We’ve had a century-long love affair with the car and, for the most part, it’s been a great ride. But our relationship with automobiles is changing.
In the U.S., recent studies suggest that Americans are buying fewer cars, driving less, and getting fewer licenses with each passing year. People are more attached to their smartphones than their cars; millennials in particular value cars and car ownership much less than they value technology. Combine this disenchantment with the fact that, in many cities around the world, cars are not always the quickest mode of travel. And, of course, emissions from the rapidly growing number of cars threaten the planet. It makes one wonder: is our global love affair with vehicles cooling?
We recently spoke with MIT Professor Charles Fine about his new book, slated to hit the stands in September: Faster, Smarter, Greener: The Future of the Car and Urban Mobility. Fine teaches operations strategy and supply chain management in MIT's Communications Futures Program, and he is Faculty Director of the MIT Sloan Executive Education program, Driving Strategic Innovation: Achieving High Performance Throughout the Value Chain. His research focuses on supply chain strategy and value chain roadmapping, with an emphasis on fast clockspeed manufacturing industries. Fine's work has supported the design and improvement of supply chain relationships for companies in electronics, automotive, aerospace, communications, and consumer products.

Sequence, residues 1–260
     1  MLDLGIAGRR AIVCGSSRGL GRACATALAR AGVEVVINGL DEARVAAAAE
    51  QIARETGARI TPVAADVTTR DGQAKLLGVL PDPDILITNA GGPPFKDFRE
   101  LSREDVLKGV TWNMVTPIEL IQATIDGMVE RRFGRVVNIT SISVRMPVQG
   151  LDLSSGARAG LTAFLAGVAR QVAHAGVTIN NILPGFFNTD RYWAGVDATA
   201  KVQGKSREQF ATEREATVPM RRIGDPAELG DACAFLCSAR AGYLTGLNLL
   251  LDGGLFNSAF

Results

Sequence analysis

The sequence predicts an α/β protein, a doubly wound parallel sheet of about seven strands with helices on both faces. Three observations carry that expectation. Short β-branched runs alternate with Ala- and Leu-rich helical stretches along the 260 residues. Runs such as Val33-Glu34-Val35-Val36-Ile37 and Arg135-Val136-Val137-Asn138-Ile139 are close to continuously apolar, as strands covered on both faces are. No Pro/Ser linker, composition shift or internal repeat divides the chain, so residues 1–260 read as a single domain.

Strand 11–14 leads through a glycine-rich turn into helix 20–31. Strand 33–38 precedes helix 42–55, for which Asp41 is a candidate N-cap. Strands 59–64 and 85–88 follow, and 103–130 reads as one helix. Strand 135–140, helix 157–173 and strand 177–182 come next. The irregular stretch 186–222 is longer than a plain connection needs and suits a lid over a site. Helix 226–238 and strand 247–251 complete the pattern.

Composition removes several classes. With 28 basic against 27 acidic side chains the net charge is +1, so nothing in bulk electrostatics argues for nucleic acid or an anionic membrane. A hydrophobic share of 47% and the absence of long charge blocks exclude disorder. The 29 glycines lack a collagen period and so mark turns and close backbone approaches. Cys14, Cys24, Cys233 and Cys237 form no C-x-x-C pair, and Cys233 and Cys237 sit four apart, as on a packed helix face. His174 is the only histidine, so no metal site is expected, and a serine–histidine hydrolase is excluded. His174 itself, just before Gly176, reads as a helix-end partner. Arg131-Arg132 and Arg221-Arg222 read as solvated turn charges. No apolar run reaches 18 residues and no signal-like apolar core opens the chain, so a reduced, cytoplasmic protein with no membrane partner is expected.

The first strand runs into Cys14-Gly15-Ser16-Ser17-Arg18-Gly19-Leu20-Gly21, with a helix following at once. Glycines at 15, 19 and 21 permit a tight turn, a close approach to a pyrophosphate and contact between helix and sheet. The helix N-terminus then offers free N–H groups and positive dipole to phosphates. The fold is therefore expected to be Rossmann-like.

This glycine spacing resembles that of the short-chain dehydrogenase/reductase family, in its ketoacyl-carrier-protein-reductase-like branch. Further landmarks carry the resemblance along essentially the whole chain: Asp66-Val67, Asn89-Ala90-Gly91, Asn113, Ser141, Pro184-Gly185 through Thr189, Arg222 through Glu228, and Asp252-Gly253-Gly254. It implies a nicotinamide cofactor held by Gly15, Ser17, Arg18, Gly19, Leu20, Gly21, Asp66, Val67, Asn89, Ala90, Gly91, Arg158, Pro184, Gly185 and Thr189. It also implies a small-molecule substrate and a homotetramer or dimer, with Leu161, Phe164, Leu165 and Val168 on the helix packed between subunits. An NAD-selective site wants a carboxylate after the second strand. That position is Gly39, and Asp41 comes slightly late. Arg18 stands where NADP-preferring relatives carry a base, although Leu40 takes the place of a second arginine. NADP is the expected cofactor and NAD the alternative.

Faster, Smarter, Greener brings Fine’s research into the future, envisioning a new world of urban mobility that is connected, heterogeneous, intelligent, and personalized—what Fine and his coauthors Venkat Sumantran and David Gonsalvez refer to as the CHIP architecture. This architecture embodies an integrated, multimode mobility system that builds on ubiquitous connectivity, electrified and autonomous vehicles, and an open, entrepreneurial marketplace.